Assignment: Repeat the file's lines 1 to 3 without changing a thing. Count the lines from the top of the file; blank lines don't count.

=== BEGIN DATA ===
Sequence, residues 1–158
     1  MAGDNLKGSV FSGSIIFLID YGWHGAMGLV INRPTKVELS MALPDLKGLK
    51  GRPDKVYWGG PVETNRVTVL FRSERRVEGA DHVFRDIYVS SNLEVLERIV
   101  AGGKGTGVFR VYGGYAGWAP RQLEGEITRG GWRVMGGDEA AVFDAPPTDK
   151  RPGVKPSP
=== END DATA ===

Sequence, residues 1–158
     1  MAGDNLKGSV FSGSIIFLID YGWHGAMGLV INRPTKVELS MALPDLKGLK
    51  GRPDKVYWGG PVETNRVTVL FRSERRVEGA DHVFRDIYVS SNLEVLERIV